Magic Leap 2 AR Headset Arrives Sept. 30, Starting at $3,299
The business-focused augmented-reality device will have an eyebrow-raising price tag.
Scott SteinEditor at Large
I started with CNET reviewing laptops in 2009. Now I explore wearable tech, VR/AR, tablets, gaming and future/emerging trends in our changing world. Other obsessions include magic, immersive theater, puzzles, board games, cooking, improv and the New York Jets. My background includes an MFA in theater which I apply to thinking about immersive experiences of the future.
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Nearly 20 years writing about tech, and over a decade reviewing wearable tech, VR, and AR products and apps
Magic Leap's next AR headset is coming this fall, and it's not cheap. The self-contained Magic Leap 2 glasses, which CNET tried earlier this year, will cost at least $3,299, and be available Sept. 30.
Unlike the first Magic Leap headset, which launched back in 2018 and aspired to be for creative consumers, the Magic Leap 2 is entirely business-focused. The smaller glasses have their own dedicated AMD hip-worn processor puck. They offer a wider field of view than any other AR headset we've tried recently, and a unique feature that dims parts of the real world to make virtual objects seem less ghostly.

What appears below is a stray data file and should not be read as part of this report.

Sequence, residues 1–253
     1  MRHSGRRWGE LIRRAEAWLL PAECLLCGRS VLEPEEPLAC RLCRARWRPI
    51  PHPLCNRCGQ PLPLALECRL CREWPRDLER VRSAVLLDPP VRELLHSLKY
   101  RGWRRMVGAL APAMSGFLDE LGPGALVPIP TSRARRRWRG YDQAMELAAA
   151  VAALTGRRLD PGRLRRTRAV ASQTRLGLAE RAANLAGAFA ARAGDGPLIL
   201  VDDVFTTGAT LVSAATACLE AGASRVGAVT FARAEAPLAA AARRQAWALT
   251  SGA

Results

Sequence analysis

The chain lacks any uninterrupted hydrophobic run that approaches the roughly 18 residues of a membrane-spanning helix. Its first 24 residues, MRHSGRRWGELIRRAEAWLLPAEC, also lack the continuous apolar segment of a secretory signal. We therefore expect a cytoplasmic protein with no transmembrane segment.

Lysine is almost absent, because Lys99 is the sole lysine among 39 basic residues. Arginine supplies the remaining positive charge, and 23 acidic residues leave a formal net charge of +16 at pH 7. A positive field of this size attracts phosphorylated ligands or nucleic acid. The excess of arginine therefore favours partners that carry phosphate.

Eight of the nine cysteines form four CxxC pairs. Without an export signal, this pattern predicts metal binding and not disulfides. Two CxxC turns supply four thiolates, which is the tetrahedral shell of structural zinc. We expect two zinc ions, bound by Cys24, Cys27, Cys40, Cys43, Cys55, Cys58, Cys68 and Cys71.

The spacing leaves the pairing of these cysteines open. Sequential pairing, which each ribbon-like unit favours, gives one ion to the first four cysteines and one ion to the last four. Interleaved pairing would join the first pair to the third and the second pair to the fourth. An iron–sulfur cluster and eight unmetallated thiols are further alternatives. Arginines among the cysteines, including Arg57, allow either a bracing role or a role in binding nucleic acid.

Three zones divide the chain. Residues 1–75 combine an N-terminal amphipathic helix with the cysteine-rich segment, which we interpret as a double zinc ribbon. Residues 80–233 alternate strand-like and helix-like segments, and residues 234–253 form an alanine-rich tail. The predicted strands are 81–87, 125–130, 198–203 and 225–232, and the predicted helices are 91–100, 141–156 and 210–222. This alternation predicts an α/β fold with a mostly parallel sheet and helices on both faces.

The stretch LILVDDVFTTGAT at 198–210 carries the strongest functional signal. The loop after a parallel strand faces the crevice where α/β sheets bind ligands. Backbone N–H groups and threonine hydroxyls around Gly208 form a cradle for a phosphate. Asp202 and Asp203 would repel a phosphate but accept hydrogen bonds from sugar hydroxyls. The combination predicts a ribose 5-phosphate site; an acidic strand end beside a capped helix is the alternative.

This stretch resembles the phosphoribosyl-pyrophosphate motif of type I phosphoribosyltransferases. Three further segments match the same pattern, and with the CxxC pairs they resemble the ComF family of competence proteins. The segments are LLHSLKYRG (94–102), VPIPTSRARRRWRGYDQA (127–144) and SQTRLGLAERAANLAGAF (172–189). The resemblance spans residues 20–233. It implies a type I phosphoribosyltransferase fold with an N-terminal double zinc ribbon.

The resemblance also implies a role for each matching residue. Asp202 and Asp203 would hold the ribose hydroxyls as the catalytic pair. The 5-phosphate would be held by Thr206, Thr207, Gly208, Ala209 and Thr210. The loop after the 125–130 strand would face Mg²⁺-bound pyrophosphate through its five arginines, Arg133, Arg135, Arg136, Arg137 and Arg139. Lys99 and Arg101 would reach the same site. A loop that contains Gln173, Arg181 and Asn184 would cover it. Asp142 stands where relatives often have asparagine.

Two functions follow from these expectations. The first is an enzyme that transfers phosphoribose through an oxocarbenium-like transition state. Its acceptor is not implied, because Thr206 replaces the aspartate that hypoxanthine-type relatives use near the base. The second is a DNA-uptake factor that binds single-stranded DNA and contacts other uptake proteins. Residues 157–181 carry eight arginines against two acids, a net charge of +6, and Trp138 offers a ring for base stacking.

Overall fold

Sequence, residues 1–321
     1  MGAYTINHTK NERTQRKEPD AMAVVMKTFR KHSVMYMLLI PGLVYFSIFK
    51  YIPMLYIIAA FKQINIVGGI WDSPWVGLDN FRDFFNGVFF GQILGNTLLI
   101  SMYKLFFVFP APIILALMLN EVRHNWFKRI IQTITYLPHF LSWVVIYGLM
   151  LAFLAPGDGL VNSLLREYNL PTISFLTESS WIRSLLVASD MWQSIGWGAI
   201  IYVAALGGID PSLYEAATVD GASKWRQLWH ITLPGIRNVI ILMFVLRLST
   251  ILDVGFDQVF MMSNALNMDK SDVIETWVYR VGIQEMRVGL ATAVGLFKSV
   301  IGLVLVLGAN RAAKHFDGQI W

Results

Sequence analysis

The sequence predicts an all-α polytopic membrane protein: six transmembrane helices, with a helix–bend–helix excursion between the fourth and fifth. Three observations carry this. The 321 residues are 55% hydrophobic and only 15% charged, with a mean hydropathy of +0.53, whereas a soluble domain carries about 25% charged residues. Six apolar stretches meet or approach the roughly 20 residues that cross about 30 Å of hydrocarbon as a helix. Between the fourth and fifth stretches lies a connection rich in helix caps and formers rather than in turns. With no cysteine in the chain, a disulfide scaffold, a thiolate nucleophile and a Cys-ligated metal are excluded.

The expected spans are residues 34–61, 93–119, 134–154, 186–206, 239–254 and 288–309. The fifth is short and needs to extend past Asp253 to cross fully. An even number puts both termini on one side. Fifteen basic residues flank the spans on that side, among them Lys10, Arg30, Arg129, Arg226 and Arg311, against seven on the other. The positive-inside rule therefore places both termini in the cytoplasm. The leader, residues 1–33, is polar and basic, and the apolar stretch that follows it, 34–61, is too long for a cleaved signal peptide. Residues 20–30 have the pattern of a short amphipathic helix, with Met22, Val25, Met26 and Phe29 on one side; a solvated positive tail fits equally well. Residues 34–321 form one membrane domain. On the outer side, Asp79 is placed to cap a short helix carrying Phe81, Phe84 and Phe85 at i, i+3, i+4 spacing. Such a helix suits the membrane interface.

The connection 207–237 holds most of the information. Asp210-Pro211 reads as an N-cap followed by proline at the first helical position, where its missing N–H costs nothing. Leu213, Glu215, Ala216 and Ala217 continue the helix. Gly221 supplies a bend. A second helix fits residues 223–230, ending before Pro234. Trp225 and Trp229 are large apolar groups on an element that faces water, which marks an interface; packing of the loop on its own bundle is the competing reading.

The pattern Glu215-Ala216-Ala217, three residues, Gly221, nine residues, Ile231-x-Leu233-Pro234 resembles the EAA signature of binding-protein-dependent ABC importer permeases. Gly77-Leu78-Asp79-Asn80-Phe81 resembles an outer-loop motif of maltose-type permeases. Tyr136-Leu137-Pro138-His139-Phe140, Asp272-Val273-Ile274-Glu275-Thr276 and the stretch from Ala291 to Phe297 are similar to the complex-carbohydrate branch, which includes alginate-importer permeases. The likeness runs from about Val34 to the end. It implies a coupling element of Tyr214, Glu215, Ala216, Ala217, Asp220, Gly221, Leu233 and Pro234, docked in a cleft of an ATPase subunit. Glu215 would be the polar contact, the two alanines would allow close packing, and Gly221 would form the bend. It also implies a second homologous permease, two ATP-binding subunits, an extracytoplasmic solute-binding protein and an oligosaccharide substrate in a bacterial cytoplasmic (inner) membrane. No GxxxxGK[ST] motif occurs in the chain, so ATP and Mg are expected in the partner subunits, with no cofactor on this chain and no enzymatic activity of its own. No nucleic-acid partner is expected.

Watch this: Magic Leap 2 Hands-On: First Look at a New Generation of AR
The headset will come in three variations: the $3,299 Magic Leap 2 Base is the hardware plus a one-year warranty; while the Magic Leap 2 Developer Pro comes with extra developer-focused software and sample projects for $4,099. A Magic Leap 2 Enterprise version, with two-year support for enterprise-ready software, costs $4,999. Magic Leap's website will indicate where headsets will be available to buy: in the US, UK, Germany, France, Spain, Italy and Saudi Arabia on Sept. 30, and Japan and Singapore by the end of the year.
Magic Leap CEO Peggy Johnson told CNET earlier this year that the company's largely focused on three industries for its new headset: "health care, defense and public sector, and manufacturing and industrial settings," as well as possible partnerships with location-based art and entertainment.
There aren't many high-powered AR headsets on the market right now besides Microsoft's HoloLens 2, so it's possible that the Magic Leap 2 ends up deploying as a product to test out areas where future lower-cost consumer smart glasses aim to evolve next.